How To Win Copyright Takedown Claims Without A Lawyer

How To Win Copyright Takedown Claims Without A Lawyer

There are content creators on YouTube wondering if they should fight their cases that will arise concerning a copyright takedown or copyrighted content used in their videos for commentary, parody, criticism, or educational/informational purposes only, and they still can not monetize the video.

Or if it was mistakenly removed for a copyright content ID claim by YouTube or a company outside of YouTube. The answer is yes, you should fight those cases, but only if your video follows particular guidelines that I will explain to you in detail. 

You can write all of this down or save this article as a favorite so you can constantly be reminded what to do if something like this happens. I see that there are content creators online explaining all of the different types of copyright claims that will happen to content creators on YouTube, and some will explain how there is nothing that you can do to fix the issues, but there are ways to improve it; however, you must understand what guidelines you must follow for the issues to be corrected in your favor. 

Now, you may be asking how I know what to do when you are looking at the subscribe count of my podcast channel, but don’t be fooled. My main channel has over five hundred thousand subscribers and is about seven years old at the time of this recording. 

Over the many years, I have been a content creator on YouTube, I have encountered times when YouTube would only remove my video from my channel with an explanation. At the beginning of my main channel, which I mentioned has over 500k subscribers, YouTube would pull my videos that accumulated millions of views without providing me a reason by email or any other type of communication. 

A year or so after that, YouTube began sending emails to content creators when their videos were removed from their channels, but they failed to explain why. The emails were just notifications stating that they had deleted your video. A year after that, YouTube improved its system a little bit by adding various reasons why it would remove a video. They made us take classes or acknowledged emails that detail why a video can and will be removed from a content creator’s channel. 

This was a good sign that YouTube was trending in the right direction, but there were still times when content creators would have their videos removed, and the explanation given by YouTube either didn’t make any sense or it did not fit the accuracy of the discrepancy or did not apply to the video in question, or the algorithm mistakenly judged it under a false pretense.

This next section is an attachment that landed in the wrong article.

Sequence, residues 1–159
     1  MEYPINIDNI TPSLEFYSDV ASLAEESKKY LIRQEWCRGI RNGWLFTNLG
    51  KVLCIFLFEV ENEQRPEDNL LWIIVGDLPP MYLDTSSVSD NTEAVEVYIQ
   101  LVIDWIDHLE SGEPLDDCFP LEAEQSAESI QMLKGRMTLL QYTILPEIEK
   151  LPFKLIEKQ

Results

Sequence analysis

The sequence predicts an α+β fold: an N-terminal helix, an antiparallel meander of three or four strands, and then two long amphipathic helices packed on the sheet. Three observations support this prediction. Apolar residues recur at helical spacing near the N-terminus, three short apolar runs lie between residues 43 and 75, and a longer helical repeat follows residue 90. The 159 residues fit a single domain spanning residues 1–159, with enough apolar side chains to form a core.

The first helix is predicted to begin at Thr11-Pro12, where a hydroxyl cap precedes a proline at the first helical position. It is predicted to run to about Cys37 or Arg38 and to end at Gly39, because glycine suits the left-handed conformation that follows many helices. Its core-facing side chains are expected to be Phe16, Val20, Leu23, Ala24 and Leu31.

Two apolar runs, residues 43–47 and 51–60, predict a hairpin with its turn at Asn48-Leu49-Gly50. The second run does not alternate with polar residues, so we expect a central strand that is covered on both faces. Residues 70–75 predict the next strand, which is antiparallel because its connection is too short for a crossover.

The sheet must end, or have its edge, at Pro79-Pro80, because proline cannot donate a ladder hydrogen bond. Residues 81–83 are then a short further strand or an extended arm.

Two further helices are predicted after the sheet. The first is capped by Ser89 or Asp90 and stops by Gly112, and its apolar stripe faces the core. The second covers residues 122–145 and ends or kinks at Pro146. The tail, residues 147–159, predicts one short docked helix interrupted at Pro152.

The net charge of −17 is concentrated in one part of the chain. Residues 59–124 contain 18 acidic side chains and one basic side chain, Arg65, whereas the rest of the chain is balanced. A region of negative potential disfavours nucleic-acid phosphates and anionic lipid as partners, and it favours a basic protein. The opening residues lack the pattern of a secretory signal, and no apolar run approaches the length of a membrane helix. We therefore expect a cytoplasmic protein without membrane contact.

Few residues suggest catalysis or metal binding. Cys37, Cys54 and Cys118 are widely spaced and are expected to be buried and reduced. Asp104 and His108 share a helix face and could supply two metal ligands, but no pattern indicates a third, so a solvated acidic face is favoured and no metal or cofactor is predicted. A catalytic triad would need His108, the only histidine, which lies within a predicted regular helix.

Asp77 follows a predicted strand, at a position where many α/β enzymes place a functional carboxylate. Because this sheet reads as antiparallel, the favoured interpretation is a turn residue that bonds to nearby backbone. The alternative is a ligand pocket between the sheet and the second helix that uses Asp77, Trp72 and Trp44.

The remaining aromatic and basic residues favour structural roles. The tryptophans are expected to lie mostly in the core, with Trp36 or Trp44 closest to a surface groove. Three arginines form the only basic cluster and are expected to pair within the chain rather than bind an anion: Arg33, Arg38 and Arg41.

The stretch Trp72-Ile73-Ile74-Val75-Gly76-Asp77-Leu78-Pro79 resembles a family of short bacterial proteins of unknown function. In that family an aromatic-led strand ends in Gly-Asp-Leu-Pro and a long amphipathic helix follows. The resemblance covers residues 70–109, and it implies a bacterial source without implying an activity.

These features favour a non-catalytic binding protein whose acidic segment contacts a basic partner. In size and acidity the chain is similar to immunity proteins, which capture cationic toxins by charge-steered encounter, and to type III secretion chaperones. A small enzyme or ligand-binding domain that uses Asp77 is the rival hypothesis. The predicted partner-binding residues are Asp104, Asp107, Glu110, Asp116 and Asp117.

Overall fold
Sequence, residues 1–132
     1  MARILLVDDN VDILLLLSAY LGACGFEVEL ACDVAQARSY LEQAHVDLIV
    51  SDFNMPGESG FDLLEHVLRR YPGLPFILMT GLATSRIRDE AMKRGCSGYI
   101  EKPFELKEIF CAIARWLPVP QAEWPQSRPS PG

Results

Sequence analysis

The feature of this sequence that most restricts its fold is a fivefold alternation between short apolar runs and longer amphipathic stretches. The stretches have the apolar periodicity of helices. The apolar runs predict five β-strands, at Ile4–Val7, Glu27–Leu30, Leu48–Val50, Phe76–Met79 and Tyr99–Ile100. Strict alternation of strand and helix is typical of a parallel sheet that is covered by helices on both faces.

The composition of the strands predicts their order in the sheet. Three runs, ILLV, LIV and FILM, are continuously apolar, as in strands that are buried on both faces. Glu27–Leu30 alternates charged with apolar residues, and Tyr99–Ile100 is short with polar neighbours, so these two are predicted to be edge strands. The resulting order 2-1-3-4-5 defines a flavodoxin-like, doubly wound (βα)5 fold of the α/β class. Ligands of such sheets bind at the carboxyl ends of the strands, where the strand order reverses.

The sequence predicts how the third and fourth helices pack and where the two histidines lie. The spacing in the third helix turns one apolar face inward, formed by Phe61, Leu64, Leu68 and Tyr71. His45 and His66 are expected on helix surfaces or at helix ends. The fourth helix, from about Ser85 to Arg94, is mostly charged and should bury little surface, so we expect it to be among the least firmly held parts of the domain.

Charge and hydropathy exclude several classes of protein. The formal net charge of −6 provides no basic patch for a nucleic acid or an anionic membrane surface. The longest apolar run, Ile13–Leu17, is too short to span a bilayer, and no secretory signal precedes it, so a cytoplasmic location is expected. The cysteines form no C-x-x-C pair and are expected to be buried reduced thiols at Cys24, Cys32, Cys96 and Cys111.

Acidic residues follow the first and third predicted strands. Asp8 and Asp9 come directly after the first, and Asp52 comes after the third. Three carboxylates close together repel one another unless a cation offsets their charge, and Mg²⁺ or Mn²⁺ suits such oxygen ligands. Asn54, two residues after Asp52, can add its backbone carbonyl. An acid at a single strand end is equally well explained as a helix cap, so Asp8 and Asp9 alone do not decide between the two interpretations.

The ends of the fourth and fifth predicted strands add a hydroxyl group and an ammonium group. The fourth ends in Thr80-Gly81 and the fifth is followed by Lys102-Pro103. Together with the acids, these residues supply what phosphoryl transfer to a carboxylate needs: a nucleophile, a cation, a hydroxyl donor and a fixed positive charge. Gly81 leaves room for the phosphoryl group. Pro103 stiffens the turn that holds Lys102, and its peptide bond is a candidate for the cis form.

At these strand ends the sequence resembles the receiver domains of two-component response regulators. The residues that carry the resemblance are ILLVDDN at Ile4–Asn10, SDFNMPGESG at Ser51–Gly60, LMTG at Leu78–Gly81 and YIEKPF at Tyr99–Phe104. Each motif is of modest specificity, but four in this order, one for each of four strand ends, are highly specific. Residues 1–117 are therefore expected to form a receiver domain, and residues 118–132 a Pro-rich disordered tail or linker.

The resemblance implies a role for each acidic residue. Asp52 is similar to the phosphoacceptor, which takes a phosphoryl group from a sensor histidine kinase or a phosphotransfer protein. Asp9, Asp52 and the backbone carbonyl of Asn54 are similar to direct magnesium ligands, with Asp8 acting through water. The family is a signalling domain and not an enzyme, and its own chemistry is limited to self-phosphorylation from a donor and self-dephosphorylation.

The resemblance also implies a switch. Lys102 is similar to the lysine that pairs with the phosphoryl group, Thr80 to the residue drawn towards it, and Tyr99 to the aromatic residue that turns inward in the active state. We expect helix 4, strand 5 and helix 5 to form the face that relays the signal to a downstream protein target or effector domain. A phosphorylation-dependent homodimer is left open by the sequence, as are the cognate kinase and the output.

I recall YouTube adding in what I call the street lights to inform uploaders if their content passes an algorithm check to see if their content does not violate any policy YouTube has. The street lights are small indicators beside the uploaded video, ranging from a green money sign to a yellow money sign, to a red money sign that is slashed, or just a red copyright sign. If they added another indicator that I didn’t mention, it is because I wrote this on November 11th, 2023. 

I take it that you all know what these street light signs mean; if not, then I’ll simplify it by saying that the green sign means go, the yellow sign means slow down to a stop, and the red sign means stop and do not go, just like a street light would mean the same thing. 

So, I want to go over the guidelines you should follow before sending in an appeal to a copyright strike or copyright takedown you received on your video uploaded to your YouTube channel. 

First, I can tell you right now that this does not work if you simply re-upload someone else’s content in full. You are not allowed to clone someone’s video or clone someone’s channel and think that it is fair use. It does not work that way, and your channel will be removed for impersonating someone else. 

Also, you are not allowed to re-upload someone’s copyrighted content or material on your channel without written permission from the copyright owner. YouTube will request to see your proof; otherwise, you will receive a copyright strike or a copyright takedown, and the video will be removed from your channel indefinitely. With that out of the way, let’s get to what you can do.

Suppose you have created a video, and 90% of that is all your content, but the rest features copyrighted content owned by a company or someone other than you. You added your voice to the video as commentary, and your voice is used throughout the video. You comment on a subject correlating with the copyrighted content you inserted into 10% of your video. 

In that case, you have created an entirely new video, also known as transformative, and the copyright owner can not claim that you are infringing their rights because the Fair Use Act protects your use of their copyrighted content. 

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The Fair Use Act allows the use of copyrighted content for limited or transformative purposes only. This means that only specific types of work or content can be considered fair use. These types of work are generally educational/informational, commentary, criticism, and parody videos. You must know this law by understanding what you can and can not do. 

The term “transformative” is a term that generally refers to the content creator making an entirely new body of work or content that did not replicate or duplicate the copyrighted content or material used within the content creator's work, content, or video. In other words, it must be an entirely new video in which the majority of the content consists of material the creator owns, not the copyright holder of the copyrighted material used in smaller portions of the video. For example: